But for all the medals that flowed from the Karolyi ranch, it can no longer be the site of the national training center. The place is haunted now.
Dr. Lawrence G. Nassar, the former national team doctor, has been accused of molesting gymnasts there, as well as in his home and other workplaces. He has pleaded guilty to sexual assault and is to be sentenced this week in Michigan, where about 100 women are expected to speak or submit written statements about what Dr. Nassar did to them. He is already serving a 60-year prison term on federal child pornography charges.
Simone Biles, one of the most decorated gymnasts in history and a star of the 2016 Rio Olympics, on Monday became the latest athlete to add her name to the long list of Nassar’s accusers. Ms. Biles made a point of saying that she dreads training at the ranch.
“It breaks my heart even more to think that as I work toward my dream of competing in Tokyo 2020, I will have to continually return to the same training facility where I was abused,” she wrote on Twitter and Instagram.
Dr. Roy Lubit, a New York-based psychiatrist who focuses on emotional trauma in abused children, said Ms. Biles’s comment should be heeded.
“It’s a very, very bad idea to send these girls back to this training center,” Dr. Lubit said, explaining that returning to a place of abuse tends to be a powerful trigger for traumatic memories to come rushing back.
U.S.A. Gymnastics, which is facing multiple lawsuits related to sexual abuse, responded to Ms. Biles’s revelation on Monday by saying it “will continue to listen to our athletes” and try to create “a culture of empowerment” for them.
Yet the federation has been slow to give up the Karolyi property and find a new space for its training center.
Not that long ago, U.S.A. Gymnastics planned to buy the facility. Then Dr. Nassar’s crimes became public. Gymnast after gymnast spoke up, recounting the confusion and horror of being subjected to Dr. Nassar’s “intravaginal treatments,” which he described as legitimate medical therapy.
In mid-2017, the federation announced that it had backed out of the deal to buy the ranch. In a statement, it described “unexpected financial expenditures associated with the purchase” as one of the reasons the deal went bad.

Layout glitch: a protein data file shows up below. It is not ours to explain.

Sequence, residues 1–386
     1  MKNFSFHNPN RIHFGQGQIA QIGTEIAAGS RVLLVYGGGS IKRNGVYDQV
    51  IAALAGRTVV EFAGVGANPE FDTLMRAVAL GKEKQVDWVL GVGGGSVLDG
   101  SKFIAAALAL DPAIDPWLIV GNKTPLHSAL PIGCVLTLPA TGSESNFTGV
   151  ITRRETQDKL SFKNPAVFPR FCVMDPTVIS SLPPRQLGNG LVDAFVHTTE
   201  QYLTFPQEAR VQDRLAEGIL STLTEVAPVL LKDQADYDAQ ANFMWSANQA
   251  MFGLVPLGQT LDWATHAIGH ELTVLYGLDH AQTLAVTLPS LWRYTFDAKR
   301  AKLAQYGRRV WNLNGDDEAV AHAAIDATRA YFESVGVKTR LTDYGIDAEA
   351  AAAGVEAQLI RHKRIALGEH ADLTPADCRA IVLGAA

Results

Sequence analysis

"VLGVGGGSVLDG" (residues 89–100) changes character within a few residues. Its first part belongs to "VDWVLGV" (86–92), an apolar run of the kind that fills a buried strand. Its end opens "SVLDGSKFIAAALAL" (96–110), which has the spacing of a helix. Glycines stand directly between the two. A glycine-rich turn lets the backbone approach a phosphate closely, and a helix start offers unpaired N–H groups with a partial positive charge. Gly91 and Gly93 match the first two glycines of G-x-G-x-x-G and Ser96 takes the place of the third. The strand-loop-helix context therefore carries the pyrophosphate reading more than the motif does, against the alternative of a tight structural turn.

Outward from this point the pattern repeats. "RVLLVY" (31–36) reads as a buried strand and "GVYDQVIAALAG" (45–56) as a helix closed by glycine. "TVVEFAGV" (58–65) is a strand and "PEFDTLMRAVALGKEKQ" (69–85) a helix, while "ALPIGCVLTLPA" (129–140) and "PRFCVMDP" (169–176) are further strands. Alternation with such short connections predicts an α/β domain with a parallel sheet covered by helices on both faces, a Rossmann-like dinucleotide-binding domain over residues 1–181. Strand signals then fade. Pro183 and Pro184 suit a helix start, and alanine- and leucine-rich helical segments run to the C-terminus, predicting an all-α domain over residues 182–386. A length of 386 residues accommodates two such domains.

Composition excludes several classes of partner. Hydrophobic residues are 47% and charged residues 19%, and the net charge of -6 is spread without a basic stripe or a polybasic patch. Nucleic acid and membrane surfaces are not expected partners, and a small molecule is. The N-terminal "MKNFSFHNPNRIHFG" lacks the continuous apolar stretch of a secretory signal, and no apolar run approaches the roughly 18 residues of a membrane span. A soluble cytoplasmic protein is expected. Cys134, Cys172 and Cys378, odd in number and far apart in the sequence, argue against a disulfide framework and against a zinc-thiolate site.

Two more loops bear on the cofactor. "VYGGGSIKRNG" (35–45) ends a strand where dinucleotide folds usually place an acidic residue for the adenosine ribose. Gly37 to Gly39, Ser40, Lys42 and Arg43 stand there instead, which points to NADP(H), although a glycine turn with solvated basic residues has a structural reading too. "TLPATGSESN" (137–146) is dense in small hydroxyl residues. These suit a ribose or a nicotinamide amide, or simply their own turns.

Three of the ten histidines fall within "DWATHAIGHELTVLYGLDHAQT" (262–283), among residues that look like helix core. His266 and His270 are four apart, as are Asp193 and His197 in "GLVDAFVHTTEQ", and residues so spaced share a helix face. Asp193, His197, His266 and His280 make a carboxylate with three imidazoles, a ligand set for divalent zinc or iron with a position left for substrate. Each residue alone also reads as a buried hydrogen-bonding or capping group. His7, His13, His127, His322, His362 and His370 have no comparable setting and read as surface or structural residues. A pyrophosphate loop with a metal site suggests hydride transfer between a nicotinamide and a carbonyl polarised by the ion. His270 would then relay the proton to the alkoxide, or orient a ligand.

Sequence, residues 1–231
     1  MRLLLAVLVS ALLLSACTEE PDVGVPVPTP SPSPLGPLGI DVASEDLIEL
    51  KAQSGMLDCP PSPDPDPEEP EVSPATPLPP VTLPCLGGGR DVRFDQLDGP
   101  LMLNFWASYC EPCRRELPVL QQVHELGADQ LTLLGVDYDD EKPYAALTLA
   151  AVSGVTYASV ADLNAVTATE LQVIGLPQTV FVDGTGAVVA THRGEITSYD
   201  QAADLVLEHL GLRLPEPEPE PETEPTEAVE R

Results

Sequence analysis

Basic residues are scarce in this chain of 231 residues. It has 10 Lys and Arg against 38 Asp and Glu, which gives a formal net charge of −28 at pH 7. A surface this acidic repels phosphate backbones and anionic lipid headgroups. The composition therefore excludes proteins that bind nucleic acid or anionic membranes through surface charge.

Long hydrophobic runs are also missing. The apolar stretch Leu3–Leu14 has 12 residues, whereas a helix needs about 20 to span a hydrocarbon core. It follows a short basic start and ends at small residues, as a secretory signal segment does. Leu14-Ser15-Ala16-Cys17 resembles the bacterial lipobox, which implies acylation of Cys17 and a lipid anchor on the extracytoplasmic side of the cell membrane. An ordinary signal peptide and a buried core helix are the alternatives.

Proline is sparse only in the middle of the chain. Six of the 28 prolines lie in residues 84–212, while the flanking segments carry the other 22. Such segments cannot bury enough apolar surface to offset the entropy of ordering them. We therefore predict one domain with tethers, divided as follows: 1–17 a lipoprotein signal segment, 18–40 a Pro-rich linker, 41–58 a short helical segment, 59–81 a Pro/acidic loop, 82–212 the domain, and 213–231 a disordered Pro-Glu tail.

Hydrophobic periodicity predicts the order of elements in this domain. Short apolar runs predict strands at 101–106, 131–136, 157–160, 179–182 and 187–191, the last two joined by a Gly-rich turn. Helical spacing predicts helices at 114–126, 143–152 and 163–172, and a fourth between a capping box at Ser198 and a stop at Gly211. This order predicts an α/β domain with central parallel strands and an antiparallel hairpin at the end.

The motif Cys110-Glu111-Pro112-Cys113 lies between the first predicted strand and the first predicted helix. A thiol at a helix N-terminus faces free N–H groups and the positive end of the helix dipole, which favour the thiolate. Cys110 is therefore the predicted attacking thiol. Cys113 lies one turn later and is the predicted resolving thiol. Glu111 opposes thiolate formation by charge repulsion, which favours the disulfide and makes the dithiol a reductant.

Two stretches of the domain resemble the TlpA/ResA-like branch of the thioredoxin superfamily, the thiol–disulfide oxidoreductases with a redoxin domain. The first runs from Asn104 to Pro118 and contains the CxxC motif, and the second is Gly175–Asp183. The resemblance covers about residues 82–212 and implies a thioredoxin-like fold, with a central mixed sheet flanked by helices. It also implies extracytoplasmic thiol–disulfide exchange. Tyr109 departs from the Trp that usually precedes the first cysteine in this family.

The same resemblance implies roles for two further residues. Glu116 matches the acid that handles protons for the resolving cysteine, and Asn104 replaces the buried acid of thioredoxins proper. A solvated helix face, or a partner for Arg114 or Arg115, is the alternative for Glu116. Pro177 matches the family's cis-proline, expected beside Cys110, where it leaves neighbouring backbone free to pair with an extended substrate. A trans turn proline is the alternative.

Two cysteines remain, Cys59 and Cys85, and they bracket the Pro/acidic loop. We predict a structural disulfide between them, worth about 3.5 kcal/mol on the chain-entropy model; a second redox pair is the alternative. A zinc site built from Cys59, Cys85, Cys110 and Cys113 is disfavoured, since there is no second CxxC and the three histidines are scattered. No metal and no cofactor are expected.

U.S.A. Gymnastics has been looking for a new national team training site. And looking. And looking. Even a temporary solution would be enough. The inaction speaks loudly — and falls short of the promise to “listen to our athletes.”
“One thing critical for healing is that the abused feels in control and is given choices,” Dr. Lubit, the psychiatrist, said. “But what’s happening now is the gymnastics committee is saying, ‘We’re not making any accommodations to make you comfortable.’ In and of itself, that’s yet another betrayal. It’s an abusive type of situation.”
As of Tuesday night, the federation had not responded to emailed questions about the training center, but the organization’s website listed a five-day camp for the national team at the ranch next week. The site also says the schedule is subject to change.
When U.S.A. Gymnastics received the original reports of abuse, officials didn’t take them seriously enough. The federation lumbered through five weeks of internal investigation before contacting a law enforcement agency.
At this point, there may be few ways for the organization to make amends without lawyers setting the terms. The opportunity to relocate the national team training center seems like a rare exception — if not to make up for the past, then to live up to promises about the future.
Ms. Biles has been clear about what she needs, and presumably what others need, as well.
Listen to the athletes.